The Day of Judgment and Atonement: Yom Kippur

From sundown Friday September 17, 2010 to sundown Saturday  September 18th, 2010 was the day considered Holiest in Israel for this year. It was Yom Kippur also know as the day of judgment and the day of antonement as well as the sabbath of all sabbaths. On this day, in Israel the do not eat, drink, wear leather, bathe, wear fragrances, or engage in pleasure such as marital relations. For the day is a somber day and one that brings great joy. For this day results in a person being in good standing for the year ahead. It is the day sacrifices were made that provided for the atonement of the community. It was a day for the purification of the temple.  It ultimately served as the day of  final judgment. It is the day when things are set and God provided that his people were in right position with Him for the coming year.  It was always a year to year process. 

There are some interesting facts about how God communicated his approval of this day and the changes that occurred.  These facts are presented at the following blog article: http://www.yashanet.com/studies/revstudy/rev2e.htm.

 

The miracles/signs that took place, showing God’s approval and forgiveness:

Drawing of lots always produced “LaHashem” in the right hand
The red ribbon tied to the scapegoat always turned white
The Center light of the Menora always burned until morning
Fire on the copper altar never went out even when it wasn’t properly stoked
Priests felt full even after eating only a small part of the offerings
The smoke of the incense offering would fill the Holy of Holies
The Talmud however, records that many of these miracles ceased to occur about 40 years before the destruction of the second Temple, and never returned. This of course coincides with the time of the death of Yeshua:

Yoma 39b – During the last forty years before the destruction of the Temple the lot [‘For the Lord’] did not come up in the right hand; nor did the crimson-coloured strap become white; nor did the westernmost light shine; and the doors of the Hekal would open by themselves, until R. Johanan b. Zakkai rebuked them, saying: Hekal, Hekal, why wilt thou be the alarmer thyself? I know about thee that thou wilt be destroyed, for Zechariah ben Ido has already prophesied concerning thee: Open thy doors, O Lebanon, that the fire may devour thy cedars.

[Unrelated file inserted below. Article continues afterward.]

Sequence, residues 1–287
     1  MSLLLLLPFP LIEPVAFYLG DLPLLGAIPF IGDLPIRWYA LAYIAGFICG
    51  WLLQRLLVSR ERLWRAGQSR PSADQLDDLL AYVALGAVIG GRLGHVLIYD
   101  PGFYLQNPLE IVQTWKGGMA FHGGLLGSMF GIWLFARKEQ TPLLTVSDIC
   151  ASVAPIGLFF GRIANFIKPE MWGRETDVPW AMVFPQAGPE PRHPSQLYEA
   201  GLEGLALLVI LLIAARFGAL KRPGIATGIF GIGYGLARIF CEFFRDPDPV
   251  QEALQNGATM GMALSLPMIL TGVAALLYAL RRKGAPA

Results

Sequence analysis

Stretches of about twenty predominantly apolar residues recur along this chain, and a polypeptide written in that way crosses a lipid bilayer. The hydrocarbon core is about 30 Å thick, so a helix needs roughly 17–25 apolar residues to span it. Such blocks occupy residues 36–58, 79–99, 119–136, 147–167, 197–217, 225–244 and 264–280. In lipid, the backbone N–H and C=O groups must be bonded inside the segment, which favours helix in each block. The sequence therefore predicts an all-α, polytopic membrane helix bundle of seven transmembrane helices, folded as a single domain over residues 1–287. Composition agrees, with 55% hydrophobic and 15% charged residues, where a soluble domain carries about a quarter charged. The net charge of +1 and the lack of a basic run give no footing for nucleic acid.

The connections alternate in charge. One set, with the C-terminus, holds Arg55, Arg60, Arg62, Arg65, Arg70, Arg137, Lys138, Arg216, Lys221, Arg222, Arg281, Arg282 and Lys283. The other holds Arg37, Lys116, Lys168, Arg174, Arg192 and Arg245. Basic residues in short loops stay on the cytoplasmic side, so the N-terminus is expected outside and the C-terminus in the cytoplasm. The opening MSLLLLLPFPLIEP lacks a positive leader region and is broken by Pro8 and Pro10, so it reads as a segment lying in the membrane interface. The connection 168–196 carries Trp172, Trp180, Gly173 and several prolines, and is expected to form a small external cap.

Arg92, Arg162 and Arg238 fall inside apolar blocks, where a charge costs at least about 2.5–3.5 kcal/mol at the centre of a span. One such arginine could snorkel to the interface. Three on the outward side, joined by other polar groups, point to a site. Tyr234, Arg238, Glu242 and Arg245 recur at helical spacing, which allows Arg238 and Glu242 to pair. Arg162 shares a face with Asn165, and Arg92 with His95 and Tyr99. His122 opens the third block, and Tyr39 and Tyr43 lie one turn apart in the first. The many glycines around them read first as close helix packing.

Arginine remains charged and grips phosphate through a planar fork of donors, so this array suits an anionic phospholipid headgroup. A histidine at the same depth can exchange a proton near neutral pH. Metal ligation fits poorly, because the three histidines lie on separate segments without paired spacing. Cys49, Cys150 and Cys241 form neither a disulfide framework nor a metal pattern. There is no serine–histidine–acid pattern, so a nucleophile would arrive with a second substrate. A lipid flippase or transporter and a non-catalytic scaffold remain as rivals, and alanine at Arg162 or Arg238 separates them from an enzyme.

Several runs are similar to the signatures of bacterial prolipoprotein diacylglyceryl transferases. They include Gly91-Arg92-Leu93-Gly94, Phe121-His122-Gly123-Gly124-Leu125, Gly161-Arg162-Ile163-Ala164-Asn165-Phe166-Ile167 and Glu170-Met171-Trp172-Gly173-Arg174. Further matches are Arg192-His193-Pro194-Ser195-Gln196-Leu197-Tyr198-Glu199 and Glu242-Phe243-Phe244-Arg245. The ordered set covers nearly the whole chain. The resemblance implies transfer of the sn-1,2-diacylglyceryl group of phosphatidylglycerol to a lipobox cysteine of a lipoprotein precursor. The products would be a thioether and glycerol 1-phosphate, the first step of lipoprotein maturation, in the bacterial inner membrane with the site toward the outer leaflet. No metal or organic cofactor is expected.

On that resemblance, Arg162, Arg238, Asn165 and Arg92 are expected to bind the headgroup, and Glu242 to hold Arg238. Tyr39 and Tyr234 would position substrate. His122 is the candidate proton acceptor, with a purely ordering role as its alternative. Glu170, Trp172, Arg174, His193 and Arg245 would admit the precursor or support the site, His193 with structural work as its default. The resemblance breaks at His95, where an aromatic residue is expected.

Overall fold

The miracles/signs that took place, showing God’s approval and forgiveness:

Drawing of lots always produced “LaHashem” in the right hand
The red ribbon tied to the scapegoat always turned white
The Center light of the Menora always burned until morning
Fire on the copper altar never went out even when it wasn’t properly stoked
Priests felt full even after eating only a small part of the offerings
The smoke of the incense offering would fill the Holy of Holies
The Talmud however, records that many of these miracles ceased to occur about 40 years before the destruction of the second Temple, and never returned. This of course coincides with the time of the death of Yeshua:

Yoma 39b – During the last forty years before the destruction of the Temple the lot [‘For the Lord’] did not come up in the right hand; nor did the crimson-coloured strap become white; nor did the westernmost light shine; and the doors of the Hekal would open by themselves, until R. Johanan b. Zakkai rebuked them, saying: Hekal, Hekal, why wilt thou be the alarmer thyself? I know about thee that thou wilt be destroyed, for Zechariah ben Ido has already prophesied concerning thee: Open thy doors, O Lebanon, that the fire may devour thy cedars.